A DAY in the life of Marie Kelly, Rural Adversity Mental Health (RAMHP) co-ordinator for Far Western NSW, can often present challenges some of us can’t comprehend.
Marie lives in Ivanhoe, but much of her week is spent on the road, with at least three nights out of seven away from home.
She drives between 600 to 2000 kilometres each week, to ensure that she is reaching her vast and varied communities, providing them with the support they need.
In Marie’s boot, next to the spare tyre, you’ll find water, tinned food, toilet paper, matches, glow sticks, clothes for all weather, a pocket knife, a tarp, a trolley jack, a jump start compressor kit, various other tools and gadgets and a host of mental health resources and information.
She’s had to use just about all of these supplies in her travels. Long dirt roads, storms and animals present many-a-challenge in her work as a RAMHP co-ordinator, and she takes it all in her stride.
“The role in RAMHP is very rewarding and I like to think this work is making a difference to the lives of some people living in the Far West,” Marie said.
“The program is about raising awareness about mental health issues and connecting people to appropriate services.
“We do this through our training programs, providing information and resources, and building partnerships with organisations and individuals.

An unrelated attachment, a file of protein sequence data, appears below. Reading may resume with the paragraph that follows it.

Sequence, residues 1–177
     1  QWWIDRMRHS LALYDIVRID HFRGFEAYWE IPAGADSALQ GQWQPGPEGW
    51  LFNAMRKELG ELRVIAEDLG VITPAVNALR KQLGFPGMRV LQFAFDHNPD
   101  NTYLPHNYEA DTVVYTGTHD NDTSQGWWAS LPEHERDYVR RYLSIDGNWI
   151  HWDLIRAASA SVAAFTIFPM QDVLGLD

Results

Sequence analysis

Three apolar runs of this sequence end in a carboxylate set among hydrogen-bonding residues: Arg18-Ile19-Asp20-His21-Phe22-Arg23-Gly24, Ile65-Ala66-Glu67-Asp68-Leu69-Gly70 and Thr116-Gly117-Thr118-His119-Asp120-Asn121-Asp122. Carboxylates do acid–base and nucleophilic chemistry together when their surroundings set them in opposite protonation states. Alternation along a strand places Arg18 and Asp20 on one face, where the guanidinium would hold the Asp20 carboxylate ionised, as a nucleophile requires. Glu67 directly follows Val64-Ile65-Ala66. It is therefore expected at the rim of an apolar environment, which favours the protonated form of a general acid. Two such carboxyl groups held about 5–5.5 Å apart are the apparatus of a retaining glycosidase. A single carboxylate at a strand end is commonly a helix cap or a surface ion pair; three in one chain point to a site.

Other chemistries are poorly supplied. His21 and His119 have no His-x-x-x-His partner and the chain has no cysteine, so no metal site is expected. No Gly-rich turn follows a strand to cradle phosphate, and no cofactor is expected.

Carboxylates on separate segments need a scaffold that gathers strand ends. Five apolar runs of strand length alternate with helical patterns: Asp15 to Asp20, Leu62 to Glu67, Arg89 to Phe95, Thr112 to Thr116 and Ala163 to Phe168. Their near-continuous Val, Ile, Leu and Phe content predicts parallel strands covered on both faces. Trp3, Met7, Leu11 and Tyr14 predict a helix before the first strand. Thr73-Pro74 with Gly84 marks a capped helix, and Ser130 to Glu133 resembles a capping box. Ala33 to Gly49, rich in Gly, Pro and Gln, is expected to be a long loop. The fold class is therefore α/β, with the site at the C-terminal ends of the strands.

“I provide workshops, attend events and network with people.” Marie has been a nurse in the area for 26 years, mostly based in Menindee, but has worked or socialised in every community in the area over this time. She
loves the challenges, the country and is passionate about her communities and linking people to the care and support they need.
In a beautiful yet challenging environment, often battling a lack of internet and phone service to reach people, the work that Marie does is invaluable.
She works to ensure that those living in the far west of NSW are aware of the mental health services and supports available, as well as how and when to access them.
Marie’s training participants often speak of the personal benefits the training has had for them.
“I learned that there are people out there who will listen,” she said. “The key thing I learned is that I can deal better with the mental health issues in my family at the moment.
“I learnt to care for myself and others, and more about how to help support someone with a mental illness.
“I learnt that it’s ok to talk about issues, even if it’s contacting services in the community.
“I learned that everyone struggles with something in their lives and that we can be more aware of others needs and be able to help, and know who can be of help to others.”
Marie notes her role with RAMHP has made her more mindful of her own mental health as well as others’.
“I certainly have become more aware of my own mental health and make sure I do something each day to stay mentally healthy,” said Marie.
She spends her time outside of work volunteering for a number of causes, and contributing to her community, activities which instil a sense of belonging and purpose and keep her mentally well.